But now that the people who were kids in the '80s are in decision-making roles at studios, the trend is likely here to stay: Remakes of '80s films as diverse as "Robocop," "Porky's," "Police Academy" and "Short Circuit" are said to be in the works. It used to be that you would replace your VHS tapes with DVDs, then those with BluRay. Now it seems, we have to replace our original versions of films with their remakes.
“I find this incredibly depressing,” wrote legendary English film critic Barry Norman, “What kind of an industry caters for people dumb enough to enjoy 'Porky’s' the first time round and are still dumb enough to want to see it all over again in a new version?”
Of course, Hollywood has always dined off sequels (Universal’s fourth theatrical helping of "American Pie" is being released next spring), and it’s not uncommon to see more than one filmed version of a novel or an American version of a foreign film. But remakes of still-popular Hollywood films is a more recent phenomenon. In the case of the new “Footloose,” says Chaney, “The mindset is that maybe today’s teenagers would like this movie but because it was made over 20 years ago, they’re not going to embrace it -- so we should remake it. But I think that some kids are more sophisticated than that, and are willing to embrace older films.”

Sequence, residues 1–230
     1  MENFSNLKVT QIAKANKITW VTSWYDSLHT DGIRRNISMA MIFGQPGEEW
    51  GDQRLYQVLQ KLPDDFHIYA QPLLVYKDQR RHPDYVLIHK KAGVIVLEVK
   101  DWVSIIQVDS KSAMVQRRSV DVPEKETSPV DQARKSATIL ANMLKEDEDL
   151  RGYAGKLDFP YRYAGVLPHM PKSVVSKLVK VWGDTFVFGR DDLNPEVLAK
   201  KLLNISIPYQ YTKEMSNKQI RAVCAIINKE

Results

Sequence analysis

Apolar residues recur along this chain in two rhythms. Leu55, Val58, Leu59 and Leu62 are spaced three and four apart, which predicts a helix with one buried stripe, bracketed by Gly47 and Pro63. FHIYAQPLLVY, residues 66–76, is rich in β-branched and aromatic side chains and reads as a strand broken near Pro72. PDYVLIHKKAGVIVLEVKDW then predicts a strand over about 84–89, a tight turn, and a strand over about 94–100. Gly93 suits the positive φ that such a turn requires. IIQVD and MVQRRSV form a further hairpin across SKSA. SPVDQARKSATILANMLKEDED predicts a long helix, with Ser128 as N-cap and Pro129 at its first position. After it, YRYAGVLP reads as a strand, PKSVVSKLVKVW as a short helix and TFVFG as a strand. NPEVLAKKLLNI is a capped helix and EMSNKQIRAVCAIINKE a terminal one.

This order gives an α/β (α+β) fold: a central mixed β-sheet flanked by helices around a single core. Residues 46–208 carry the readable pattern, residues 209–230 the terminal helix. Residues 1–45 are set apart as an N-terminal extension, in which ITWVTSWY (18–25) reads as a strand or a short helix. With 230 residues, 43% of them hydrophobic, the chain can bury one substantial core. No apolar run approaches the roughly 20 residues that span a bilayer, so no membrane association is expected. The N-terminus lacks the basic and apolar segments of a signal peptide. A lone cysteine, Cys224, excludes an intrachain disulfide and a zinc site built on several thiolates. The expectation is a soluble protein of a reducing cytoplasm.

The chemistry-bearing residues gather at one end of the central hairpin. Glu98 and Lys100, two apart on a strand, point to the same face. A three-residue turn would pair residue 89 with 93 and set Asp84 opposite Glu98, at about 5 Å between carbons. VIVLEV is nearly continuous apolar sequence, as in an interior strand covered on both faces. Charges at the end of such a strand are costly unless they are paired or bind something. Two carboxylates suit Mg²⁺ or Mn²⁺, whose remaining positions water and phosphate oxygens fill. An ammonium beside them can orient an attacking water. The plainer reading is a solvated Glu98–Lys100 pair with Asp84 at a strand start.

In fact, many of today’s teens consider '80s pop culture the epitome of vintage cool. Think leggings, bangle bracelets and off-the-shoulder sweatshirts. One Houston teen, who I interviewed for my book "You Couldn't Ignore Me If You Tried: The Brat Pack, John Hughes, and Their Impact on a Generation," told me that “you haven’t lived, as an adolescent, until you’ve seen these movies.”
And although it boasts an undeniably modern look, feel, and sound, the new "Footloose" does contain plenty of nods to its original. Writer/director Craig Brewer filmed some scenes as almost shot-by-shot homage’s to original sequences, such as the moment in which Kevin Bacon dances his way through anger management in an empty warehouse. The new film also features Kenny Loggins's original version of “Footloose” at the beginning — although he says he didn’t have any creative input over the remake. (“I even had to call and ask for tickets to the premiere,” he recently admitted on "Access Hollywood Live.")